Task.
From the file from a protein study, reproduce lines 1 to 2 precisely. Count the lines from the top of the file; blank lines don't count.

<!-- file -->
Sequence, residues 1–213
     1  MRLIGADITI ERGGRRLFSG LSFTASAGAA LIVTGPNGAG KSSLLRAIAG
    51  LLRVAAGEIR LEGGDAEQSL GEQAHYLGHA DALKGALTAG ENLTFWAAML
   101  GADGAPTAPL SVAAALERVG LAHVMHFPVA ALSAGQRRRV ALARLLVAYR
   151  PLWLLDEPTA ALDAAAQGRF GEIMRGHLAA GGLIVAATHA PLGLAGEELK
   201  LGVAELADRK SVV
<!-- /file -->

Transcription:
Sequence, residues 1–213
     1  MRLIGADITI ERGGRRLFSG LSFTASAGAA LIVTGPNGAG KSSLLRAIAG